Leader Beware - Nehemiah 6:1-4

Once the enemy gets a foothold in a ministry, he starts to weaken the work from within; and ultimately, the work will fail

That Sanballat and Geshem sent unto me, saying, Come, let us meet together in some one of the villages in the plain of Ono. But they thought to do me mischief. And I sent messengers unto them, saying, I am doing a great work, so that I cannot come down: why should the work cease, whilst I leave it, and come down to you? Nehemiah 6:2-3 (KJV)

Up to this point in the building program, Sanballat, Tobiah, and Geshem (Gashmu, v. 6) opposed everything that the Jews did; but now they offered to cooperate and help the Jews build the wall.

They offered to meet Nehemiah in a village halfway between Jerusalem and Samaria, a quiet place where they could make plans on how to work together. "We're willing to meet you halfway," was their approach. "Now, don't be an unfriendly neighbor!" Of course, the enemy's strategy was, "If you can't whip 'em, join 'em—and then take over!"

Once the enemy gets a foothold in a ministry, he starts to weaken the work from within; and ultimately, the work will fail. While cooperation in the Lord's work is a noble thing, leaders must take care that they cooperate with the right people at the right time for the right purpose; otherwise they may end up cooperating with the enemy.

Satan is a master deceiver and has his servants ready to join hands with God's people so he can weaken their hands in the work (2 Cor. 11:13-15).

Loving compromise and cooperation can be good and useful things if there are no moral or spiritual issues involved. Happy compromise can invigorate a marriage or strengthen a ministry (Phil. 2:1-4), but this is compromise among people who love each other and have the same purposes in mind. When you invite the devil to join your team, expect him to change the rules and the goals; and expect to be defeated.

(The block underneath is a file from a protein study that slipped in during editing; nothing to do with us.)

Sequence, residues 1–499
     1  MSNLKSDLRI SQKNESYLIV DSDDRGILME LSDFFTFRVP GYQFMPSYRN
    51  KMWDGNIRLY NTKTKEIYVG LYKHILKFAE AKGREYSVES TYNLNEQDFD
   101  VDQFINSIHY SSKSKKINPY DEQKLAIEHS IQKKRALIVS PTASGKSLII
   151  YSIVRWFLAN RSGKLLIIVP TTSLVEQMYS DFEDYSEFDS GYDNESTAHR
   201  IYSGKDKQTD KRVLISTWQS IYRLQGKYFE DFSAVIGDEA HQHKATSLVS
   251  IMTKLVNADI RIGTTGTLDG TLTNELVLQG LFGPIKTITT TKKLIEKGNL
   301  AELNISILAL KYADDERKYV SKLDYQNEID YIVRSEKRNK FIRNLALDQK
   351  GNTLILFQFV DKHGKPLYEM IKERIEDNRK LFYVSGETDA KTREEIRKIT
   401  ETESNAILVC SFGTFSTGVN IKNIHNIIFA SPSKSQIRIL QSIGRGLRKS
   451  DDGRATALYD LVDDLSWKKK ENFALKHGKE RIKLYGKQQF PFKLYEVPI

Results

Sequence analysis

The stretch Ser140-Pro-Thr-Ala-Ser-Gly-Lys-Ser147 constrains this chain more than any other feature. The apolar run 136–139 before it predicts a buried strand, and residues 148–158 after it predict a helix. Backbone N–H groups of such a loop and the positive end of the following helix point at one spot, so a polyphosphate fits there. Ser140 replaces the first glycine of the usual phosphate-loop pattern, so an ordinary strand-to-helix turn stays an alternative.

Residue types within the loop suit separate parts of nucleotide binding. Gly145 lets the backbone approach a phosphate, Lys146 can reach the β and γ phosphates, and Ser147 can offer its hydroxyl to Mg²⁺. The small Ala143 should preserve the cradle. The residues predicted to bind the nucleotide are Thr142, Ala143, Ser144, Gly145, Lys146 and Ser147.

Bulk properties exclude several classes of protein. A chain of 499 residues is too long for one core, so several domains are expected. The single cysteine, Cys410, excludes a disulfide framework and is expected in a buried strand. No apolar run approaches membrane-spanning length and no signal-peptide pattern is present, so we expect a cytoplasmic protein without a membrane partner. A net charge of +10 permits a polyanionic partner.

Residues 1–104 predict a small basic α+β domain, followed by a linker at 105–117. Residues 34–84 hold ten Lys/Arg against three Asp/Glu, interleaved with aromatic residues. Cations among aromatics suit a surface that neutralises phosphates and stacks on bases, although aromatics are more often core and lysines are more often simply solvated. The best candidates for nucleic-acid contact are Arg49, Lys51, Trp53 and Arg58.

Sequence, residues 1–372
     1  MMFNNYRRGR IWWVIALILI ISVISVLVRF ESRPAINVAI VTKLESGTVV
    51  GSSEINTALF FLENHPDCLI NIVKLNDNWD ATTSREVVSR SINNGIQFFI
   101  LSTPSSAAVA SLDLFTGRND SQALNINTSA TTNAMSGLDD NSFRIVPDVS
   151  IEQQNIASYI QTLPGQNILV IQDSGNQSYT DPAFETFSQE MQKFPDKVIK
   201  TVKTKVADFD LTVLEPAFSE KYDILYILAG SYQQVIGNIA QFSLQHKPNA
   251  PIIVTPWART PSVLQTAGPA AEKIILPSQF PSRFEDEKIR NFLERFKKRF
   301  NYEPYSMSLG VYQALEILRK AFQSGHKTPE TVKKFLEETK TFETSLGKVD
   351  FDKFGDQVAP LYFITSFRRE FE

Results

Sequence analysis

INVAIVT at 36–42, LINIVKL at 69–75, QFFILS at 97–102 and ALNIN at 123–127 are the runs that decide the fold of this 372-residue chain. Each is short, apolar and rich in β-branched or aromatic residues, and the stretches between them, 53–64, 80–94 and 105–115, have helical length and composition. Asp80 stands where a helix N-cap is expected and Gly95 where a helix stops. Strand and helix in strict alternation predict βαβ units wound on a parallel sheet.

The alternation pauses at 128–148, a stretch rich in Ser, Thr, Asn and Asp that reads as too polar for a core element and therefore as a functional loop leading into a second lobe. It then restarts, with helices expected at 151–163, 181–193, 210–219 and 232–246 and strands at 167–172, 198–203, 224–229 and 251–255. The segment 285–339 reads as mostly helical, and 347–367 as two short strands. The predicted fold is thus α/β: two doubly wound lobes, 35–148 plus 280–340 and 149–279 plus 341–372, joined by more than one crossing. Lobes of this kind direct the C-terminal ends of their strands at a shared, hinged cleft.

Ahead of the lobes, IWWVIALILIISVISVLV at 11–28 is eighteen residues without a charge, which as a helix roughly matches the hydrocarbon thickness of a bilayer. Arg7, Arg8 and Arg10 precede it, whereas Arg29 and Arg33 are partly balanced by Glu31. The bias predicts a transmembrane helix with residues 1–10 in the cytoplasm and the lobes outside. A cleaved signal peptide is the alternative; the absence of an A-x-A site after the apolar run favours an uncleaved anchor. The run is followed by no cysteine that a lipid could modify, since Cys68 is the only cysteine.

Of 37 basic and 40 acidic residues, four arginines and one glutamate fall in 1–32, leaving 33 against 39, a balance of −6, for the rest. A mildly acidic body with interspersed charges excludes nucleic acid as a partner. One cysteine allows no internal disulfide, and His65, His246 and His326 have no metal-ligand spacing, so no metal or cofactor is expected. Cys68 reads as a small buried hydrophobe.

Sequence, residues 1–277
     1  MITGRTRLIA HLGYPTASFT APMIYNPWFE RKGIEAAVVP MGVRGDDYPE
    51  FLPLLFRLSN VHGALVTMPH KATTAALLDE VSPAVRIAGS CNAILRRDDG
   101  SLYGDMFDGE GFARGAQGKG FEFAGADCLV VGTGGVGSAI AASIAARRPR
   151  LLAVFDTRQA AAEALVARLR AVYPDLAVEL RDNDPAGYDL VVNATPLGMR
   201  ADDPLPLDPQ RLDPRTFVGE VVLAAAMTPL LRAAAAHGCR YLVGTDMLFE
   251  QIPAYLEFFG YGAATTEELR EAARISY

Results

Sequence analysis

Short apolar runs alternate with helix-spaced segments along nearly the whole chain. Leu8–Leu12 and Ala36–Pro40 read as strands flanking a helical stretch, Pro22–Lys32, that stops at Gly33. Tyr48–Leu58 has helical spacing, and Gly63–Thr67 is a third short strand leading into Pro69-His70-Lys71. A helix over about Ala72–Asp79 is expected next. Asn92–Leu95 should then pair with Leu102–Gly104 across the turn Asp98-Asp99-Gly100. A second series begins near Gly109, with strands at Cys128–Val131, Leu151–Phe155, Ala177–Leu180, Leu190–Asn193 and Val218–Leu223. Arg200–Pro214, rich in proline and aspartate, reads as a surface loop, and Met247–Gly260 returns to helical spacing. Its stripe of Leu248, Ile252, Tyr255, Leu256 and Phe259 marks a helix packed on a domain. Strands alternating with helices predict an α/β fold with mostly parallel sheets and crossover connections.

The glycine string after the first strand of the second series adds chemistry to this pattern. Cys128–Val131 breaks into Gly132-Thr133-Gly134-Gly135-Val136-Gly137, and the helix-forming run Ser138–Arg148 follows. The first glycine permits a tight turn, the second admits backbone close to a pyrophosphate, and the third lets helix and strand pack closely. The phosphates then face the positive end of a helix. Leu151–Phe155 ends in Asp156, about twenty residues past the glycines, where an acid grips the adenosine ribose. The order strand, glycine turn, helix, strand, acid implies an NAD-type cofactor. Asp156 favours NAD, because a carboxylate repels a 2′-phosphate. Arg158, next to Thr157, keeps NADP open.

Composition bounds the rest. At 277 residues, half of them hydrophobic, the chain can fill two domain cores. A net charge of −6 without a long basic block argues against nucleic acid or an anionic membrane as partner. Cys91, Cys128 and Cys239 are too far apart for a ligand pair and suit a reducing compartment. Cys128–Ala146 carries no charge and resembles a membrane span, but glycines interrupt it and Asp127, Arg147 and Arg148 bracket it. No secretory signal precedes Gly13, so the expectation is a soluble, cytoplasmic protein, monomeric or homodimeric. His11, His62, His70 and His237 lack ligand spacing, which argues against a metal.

Nehemiah rejected their offer because of three convictions.

  1. First, he knew that they were lying and wanted to kill him (Neh. 6:2). Nehemiah had the kind of spiritual discernment that leaders must possess if they are going to detect the enemy's strategy and defeat it.
  2. Second, he was convinced of the greatness of the work God had given him to do (v. 3). If Nehemiah allowed himself to be distracted and detoured from the work God had called him to do, where would his people go for leadership? A leaderless project is an aimless project and eventually falls apart.
  3. Behind these two convictions was a third conviction: The Jews had nothing in common with Sanballat and his crowd, so there could be no basis for cooperation. Nehemiah had made that clear at the very outset of the project when he said to Sanballat, Tobiah, and Geshem, "But as for you, you have no share in Jerusalem or any claim or historic right to it" (Neh. 2:20, niv). God's people are different from the people of the world and must maintain their separated position (2 Cor. 6:14-7:1). If Nehemiah had cooperated with Sanballat and his allies, how could he have led the nation to separate itself from the foreigners in the land? (Neh. 9:2; 10:28; 13:3) He would have been inconsistent. - Bible Exposition Commentary

Leaders must be good examples and stay on the job.

_ Bible Exposition Commentary
Paul Fakunle

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